On June 23rd Fulani Herdsmen in the Jos Plateau area attacked numerous villages. Officials report 238 persons killed in 17 villages. The attackers also burnt and vandalized the villages, destroying homes, churches and properties. The people cannot return home. Some reports indicated that roads to outlaying villages are blocked by the Fulani. Many families are displaced and living with relatives or in temporary camps.

Ekklesiyar Yan’uwa a Nigeria’s (EYN) main area is in Northeast Nigeria but it has a presence in the Jos Plateau area where the June attacks occurred. The Middle Belt of Nigeria has many Christians from numerous denominations. When EYN’s Disaster Response Ministry got word of the numerous displaced persons in Bokkos LGA, they were ready to help. The Disaster team organized a large distribution for 1639 persons in the Bokkos area. 9000 pounds of corn, 7,700 pounds of rice along with beans, gari, palm oil, spices and blankets were distributed. 

Recipients of the food distribution were so grateful. They noted that EYN’s methods were different than other relief/government agencies; they actually stayed to distribute the materials, gather data and listen to people’s stories. The devastation of these villages will have long reaching consequences for all those involved. The Disaster team is well aware of this because of their work in the Northeast.

Despite all the work the Disaster team has going on as they help in the Northeast, they came to the aid of their fellow Nigerians in a time of desperate need . Well Done Nigerian Brethren!

United: Pursuing peace together


Learn more about the 2018 Mission Offering
at www.brethren.org/missionoffering

A scriptural exegesis written by Joshua Brockway, director of Spiritual Life and Discipleship, for the 2018 Mission Offering.

“Let us then pursue what makes for peace and for mutual upbuilding” (Romans 14:19).

The early Brethren were part of the Pietist movement within the German Reformed church of their time. Pietists were those folks who sought to live what the Bible said. Those around them, also part of the church, did not use the name “Pietist” in a nice way. It was a slur. Today it would be like calling someone “holier than thou.”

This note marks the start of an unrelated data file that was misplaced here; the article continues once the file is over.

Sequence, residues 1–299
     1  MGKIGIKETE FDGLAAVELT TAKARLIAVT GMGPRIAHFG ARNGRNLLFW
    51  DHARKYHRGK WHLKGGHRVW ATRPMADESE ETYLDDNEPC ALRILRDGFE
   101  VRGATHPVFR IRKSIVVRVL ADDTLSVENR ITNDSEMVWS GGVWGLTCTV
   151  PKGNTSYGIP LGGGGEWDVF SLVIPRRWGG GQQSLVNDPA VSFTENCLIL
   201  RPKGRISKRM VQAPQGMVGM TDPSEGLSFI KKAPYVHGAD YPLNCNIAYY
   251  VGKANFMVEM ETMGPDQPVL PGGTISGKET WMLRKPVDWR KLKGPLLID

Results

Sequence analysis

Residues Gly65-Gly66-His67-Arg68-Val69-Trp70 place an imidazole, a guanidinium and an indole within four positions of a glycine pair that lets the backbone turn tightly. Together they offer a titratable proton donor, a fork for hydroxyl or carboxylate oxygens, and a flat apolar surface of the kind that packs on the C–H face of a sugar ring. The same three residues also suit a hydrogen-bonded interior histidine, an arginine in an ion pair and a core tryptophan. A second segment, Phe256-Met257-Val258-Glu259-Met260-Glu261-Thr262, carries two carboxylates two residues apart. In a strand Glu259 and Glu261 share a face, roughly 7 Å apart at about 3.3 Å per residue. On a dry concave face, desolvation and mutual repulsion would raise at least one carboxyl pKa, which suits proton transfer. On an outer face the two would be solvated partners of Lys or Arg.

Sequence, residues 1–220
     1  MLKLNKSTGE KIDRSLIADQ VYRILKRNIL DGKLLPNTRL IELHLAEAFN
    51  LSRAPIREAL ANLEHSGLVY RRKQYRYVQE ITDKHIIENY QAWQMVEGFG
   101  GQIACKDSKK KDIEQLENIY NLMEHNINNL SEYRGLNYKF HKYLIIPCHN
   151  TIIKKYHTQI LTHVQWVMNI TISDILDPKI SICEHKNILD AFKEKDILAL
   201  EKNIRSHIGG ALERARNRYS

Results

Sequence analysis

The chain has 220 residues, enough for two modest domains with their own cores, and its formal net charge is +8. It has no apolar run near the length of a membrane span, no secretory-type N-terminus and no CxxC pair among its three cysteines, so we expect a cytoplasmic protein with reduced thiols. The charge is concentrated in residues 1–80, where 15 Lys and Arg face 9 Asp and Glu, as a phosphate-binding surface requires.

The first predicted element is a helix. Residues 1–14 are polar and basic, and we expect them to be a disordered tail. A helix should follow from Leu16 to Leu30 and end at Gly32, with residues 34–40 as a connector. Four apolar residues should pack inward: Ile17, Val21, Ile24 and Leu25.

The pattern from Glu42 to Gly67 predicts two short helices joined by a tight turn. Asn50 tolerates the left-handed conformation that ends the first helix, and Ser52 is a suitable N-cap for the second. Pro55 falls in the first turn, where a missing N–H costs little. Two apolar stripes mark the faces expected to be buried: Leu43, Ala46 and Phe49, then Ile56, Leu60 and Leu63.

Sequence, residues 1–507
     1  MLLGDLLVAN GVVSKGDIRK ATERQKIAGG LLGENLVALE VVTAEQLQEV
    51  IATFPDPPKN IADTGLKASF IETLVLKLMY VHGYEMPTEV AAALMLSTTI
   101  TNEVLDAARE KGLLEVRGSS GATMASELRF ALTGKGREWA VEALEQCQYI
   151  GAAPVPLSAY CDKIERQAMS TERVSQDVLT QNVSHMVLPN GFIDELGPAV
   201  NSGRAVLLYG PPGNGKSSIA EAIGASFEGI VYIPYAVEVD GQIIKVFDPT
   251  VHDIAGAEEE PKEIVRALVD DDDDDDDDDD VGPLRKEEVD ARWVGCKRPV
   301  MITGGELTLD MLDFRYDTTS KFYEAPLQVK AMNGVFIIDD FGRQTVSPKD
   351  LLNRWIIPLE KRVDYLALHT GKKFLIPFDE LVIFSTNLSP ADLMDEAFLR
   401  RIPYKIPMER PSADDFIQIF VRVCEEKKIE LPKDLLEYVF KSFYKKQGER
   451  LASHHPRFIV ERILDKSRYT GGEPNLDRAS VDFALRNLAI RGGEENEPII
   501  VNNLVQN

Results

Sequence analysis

It may be hard for us to think of piety as something negative. And though the word is not used as much as it was in the 18th century, the idea remains embedded within our tradition. We strive to live lives according to the Scriptures. As one Annual Conference theme reminded us, we “take Jesus seriously.” Yet, we should remember that what is pious to us may be legalistic to others.

That was Paul’s concern as he wrote these chapters in Romans. It appears that the Christians in Rome did not get along very well. As the capital city of the empire, it was home to people from all over. Some were Roman, either by birth or by citizenship, and had adopted the customs and practices of “good” Roman people. Historians now call these people Hellenists. They spoke Latin or Greek, or both, and saw the world through the prism of the great civilizations of Greece and Rome. There were also Hebrew people in the capital city. Though they were far from the worship practices of the temple in Jerusalem, they practiced their faith and culture with conviction. These diaspora people, or those scattered from their homeland, saw their religious customs as key to their identity, just as the Romans did their own culture.

For the early Christian community of Rome, these two cultural systems seem to have been a significant source of conflict. Much of Paul’s letter deals specifically with the conflict of law, religion, and culture that quickly emerged between Hellenist and Hebrew followers of Jesus. This letter, one that scholars and theologians call his most eloquent and succinct articulation of the gospel, was written to bring these to cultural groups together.